More than one-third of organisations are completely unprepared for a cyber attack, a report by consultants EY has claimed.
The annual Get Ahead of Cybercrime security survey also suggests that many organisations lack the budget and skills required to fully protect themselves against cyber crime.
That’s despite more than two-thirds of the 1,825 organisations surveyed believing that information security represents an area that will become increasingly important.
However, despite awareness of the increased number and range of cyber threats, more than two-fifths (43 per cent) said that their organisation was not planning to increase the cyber security budget in the near future.
Overall, the survey suggests that organisations need to do a better job of anticipating cyber attacks in an environment where it is no longer possible to prevent all cyber breaches, especially given the increased sophistication of computer hackers and other cyber criminals.
“Cyber attacks have the potential to be far-reaching – not only financially, but also in terms of brand and reputation damage, the loss of competitive advantage and regulatory non-compliance,” said Mark Brown, executive director of cyber security and resilience at EY.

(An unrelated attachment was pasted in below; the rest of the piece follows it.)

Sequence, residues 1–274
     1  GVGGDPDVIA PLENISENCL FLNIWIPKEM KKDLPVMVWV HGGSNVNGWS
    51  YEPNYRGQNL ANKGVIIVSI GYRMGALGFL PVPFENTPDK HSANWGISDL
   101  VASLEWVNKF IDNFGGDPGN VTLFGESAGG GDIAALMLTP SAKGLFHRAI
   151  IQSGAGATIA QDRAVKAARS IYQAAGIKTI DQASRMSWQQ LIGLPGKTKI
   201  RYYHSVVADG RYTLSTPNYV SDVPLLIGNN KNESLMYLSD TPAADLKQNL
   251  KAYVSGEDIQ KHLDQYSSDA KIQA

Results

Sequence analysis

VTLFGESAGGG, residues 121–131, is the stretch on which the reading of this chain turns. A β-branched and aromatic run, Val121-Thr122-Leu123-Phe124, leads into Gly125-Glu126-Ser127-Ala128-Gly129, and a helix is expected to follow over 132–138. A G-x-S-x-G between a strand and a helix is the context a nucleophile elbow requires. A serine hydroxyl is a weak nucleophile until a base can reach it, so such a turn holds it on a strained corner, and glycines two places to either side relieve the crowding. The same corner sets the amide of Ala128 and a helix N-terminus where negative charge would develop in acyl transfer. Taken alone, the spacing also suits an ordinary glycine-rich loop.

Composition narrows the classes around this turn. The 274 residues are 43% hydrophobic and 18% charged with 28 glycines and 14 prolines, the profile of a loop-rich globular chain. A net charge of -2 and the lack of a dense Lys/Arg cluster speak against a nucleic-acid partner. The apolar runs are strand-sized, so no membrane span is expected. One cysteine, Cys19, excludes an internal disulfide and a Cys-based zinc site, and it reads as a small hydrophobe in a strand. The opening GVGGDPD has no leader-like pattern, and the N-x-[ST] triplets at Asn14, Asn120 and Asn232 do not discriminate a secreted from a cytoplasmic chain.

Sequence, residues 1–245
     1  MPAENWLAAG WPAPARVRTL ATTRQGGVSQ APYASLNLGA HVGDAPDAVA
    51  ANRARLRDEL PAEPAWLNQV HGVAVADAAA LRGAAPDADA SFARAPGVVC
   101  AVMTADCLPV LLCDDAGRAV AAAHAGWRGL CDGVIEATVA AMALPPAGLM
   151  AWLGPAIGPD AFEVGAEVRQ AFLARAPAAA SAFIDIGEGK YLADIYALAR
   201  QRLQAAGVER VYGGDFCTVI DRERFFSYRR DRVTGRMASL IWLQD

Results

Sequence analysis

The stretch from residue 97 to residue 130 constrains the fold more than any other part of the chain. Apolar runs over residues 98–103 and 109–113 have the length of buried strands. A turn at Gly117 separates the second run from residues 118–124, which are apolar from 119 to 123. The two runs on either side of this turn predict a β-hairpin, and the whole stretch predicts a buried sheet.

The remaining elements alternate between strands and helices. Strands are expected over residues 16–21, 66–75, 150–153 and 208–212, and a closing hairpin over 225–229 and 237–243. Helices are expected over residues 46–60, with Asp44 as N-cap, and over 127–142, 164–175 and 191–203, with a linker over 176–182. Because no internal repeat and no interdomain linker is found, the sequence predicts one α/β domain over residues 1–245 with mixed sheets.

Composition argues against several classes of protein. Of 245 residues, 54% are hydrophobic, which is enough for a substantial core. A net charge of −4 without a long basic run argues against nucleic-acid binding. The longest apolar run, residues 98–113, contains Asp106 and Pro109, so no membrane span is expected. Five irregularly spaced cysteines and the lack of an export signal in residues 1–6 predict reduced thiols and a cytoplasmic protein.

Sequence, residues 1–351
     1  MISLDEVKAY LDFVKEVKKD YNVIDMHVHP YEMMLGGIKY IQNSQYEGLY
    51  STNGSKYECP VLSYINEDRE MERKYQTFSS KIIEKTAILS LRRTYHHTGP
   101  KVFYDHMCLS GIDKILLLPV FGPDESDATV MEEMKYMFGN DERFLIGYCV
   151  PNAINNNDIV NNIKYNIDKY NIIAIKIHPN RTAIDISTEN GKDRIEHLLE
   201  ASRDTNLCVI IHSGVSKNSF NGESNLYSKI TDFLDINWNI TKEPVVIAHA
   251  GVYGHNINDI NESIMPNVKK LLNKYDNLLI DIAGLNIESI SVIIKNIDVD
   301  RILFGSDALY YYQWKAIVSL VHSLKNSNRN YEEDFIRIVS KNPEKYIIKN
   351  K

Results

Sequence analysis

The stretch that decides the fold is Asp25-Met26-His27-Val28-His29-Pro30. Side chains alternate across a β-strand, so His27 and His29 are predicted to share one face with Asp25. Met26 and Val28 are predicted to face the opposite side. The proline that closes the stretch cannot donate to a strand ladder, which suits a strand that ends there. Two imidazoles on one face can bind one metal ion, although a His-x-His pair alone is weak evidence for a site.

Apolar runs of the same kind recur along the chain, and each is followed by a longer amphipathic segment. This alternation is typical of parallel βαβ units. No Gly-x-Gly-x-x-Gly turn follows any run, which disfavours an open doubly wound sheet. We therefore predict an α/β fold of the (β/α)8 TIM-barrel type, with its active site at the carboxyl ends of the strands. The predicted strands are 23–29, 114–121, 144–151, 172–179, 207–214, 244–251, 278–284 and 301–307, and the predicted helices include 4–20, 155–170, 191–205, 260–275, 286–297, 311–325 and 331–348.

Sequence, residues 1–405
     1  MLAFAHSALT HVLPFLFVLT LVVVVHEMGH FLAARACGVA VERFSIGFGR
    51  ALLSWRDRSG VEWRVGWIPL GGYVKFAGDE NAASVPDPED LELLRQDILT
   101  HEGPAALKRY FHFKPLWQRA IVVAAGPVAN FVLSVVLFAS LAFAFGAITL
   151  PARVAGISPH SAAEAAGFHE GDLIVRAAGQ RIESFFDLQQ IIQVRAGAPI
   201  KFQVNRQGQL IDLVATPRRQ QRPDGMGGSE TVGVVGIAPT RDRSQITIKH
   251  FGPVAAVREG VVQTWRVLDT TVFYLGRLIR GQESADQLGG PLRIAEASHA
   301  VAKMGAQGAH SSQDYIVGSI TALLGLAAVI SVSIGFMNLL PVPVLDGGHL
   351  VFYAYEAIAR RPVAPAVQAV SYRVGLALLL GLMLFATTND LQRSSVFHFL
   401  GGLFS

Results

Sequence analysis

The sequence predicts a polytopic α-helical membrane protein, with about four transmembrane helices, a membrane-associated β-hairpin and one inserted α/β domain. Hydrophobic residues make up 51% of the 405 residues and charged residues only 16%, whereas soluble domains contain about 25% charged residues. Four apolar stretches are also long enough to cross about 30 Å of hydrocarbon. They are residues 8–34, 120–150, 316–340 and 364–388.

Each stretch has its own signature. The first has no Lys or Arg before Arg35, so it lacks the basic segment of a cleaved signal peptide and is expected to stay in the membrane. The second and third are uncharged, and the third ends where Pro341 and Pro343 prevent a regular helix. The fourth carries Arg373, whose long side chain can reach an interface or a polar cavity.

“Organisations must undertake a journey from a reactive to a proactive posture, transforming themselves from easy targets for cyber criminals into more formidable adversaries,” he continued, before going on to argue that some organisations aren’t even taking basic steps to address the issue of cyber crime.
“Too many organisations still fall short in mastering the foundational components of cyber security. The UK government has attempted to fill this void by introducing the Cyber Essential Scheme.
“However, today’s findings highlight that organisations are not taking the basic steps, such as setting up a security operations centre or putting in place an incident response plan, and this continues to be a major cause for concern,” Brown said.
Ken Allan, EY’s global information security leader, added that cyber security is something that should be considered in all areas of the business.
“Beyond internal threats, organisations also need to think broadly about their business ecosystem and how relationships with third parties and vendors can affect their security posture,” he said.
“It’s only by reaching an advanced stage of cyber security readiness that an organisation can start to reap the real benefits of its cyber security investments,” Allan continued.
“By putting the building blocks in place and ensuring that the program is able to adapt to change, companies can start to get ahead of cyber crime, adding capabilities before they are needed and preparing for threats before they arise,” he concluded.
Earlier this year, EY argued that the end of Windows XP support was leaving organisations “asleep at the wheel” and vulnerable to hackers.

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